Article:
Water flowing through (not over) the dam.

Water coming through the dam

The ladder and the railing give an indication of the relative dimensions of this part of the dam.  Water is not seeping, but flowing freely through the dam at several locations.

Water coming through the dam under the house

This photo was taken from the same location, looking just a little to the right.  Here you can see quite a lot of water coming from the portion of the dam under the house.  Note also the cinderblocks stacked up to support the walkway where the dam has eroded.

Where do we go from here?

We are grateful to the Town of Thetford for calling for the recent inspection.  It suggests the possibility of seeking to have the dam reclassified, which would at least get it inspected more frequently.  The Lake Fairlee Association can educate ourselves and our neighbors about the condition of the dam, and its economic importance.  We can partner with the Town, offering volunteer help where requested, and at some point financial help.  We can continue to study the confusing statutory and jurisdictional situation that might arise should the dam give indications of impending failure.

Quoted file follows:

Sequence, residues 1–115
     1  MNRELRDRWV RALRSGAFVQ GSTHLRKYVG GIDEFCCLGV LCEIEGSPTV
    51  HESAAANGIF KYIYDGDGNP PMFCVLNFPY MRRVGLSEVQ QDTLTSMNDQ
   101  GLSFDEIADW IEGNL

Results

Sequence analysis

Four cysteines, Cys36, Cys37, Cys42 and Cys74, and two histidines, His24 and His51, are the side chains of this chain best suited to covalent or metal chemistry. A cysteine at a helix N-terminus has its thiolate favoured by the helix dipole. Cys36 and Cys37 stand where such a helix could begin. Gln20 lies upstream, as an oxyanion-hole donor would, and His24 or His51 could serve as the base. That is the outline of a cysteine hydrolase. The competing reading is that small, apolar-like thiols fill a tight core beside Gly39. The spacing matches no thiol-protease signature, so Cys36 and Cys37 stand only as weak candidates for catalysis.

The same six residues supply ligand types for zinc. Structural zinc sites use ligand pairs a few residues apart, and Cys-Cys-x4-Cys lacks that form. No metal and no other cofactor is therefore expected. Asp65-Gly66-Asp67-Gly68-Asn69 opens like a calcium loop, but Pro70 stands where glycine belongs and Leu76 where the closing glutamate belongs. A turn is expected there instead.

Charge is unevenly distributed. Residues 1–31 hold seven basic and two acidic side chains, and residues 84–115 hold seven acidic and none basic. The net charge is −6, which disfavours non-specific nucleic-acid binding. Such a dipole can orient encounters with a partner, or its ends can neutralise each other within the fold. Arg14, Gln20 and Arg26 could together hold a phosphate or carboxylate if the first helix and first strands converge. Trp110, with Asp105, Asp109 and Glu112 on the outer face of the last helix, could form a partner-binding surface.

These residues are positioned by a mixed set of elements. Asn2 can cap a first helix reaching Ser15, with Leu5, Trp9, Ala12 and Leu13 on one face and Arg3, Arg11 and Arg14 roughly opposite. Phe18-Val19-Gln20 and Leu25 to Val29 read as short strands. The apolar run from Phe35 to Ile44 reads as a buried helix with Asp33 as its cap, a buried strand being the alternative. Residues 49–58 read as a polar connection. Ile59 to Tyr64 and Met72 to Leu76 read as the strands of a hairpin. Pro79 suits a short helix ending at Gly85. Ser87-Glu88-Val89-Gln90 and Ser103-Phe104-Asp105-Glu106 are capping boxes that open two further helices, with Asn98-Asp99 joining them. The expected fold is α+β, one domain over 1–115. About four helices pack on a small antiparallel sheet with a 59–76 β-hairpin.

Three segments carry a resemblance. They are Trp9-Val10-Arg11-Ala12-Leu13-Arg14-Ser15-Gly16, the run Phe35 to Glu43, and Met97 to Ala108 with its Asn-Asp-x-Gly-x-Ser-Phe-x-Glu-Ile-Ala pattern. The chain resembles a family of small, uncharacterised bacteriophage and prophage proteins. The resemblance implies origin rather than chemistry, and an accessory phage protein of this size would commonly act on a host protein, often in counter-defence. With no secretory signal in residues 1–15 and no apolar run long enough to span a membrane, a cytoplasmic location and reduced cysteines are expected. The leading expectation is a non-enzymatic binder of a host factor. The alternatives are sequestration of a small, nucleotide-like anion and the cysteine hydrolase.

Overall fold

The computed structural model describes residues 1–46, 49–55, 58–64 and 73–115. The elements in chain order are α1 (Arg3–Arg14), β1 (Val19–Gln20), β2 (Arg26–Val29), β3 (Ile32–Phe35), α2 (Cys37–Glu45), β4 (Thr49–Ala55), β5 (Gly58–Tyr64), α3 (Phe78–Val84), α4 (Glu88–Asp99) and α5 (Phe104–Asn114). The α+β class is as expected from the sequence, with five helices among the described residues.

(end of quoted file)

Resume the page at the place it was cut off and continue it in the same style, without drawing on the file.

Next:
We do not expect any significant action or change in the dam in the short term, but feel that clear communication and greater understanding can only help in the long run.

[ our dam’s State Identification Number is 206.01 ]

[Later posts about the dam are compiled HERE]